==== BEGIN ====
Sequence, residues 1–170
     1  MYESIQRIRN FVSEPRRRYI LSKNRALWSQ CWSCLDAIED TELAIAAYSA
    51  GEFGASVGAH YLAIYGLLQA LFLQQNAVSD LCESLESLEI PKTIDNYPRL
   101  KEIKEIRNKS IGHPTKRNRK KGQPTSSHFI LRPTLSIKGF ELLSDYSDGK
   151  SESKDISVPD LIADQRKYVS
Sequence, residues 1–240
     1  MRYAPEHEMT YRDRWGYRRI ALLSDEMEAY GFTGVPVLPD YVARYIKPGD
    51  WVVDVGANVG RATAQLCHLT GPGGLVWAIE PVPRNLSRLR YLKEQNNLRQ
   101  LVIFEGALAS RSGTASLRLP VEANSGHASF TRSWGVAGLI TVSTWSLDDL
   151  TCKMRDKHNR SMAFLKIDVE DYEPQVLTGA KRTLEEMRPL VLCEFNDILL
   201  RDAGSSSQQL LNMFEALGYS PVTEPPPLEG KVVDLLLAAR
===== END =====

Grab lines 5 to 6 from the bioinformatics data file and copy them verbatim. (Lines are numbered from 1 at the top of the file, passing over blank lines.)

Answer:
   151  SESKDISVPD LIADQRKYVS
Sequence, residues 1–240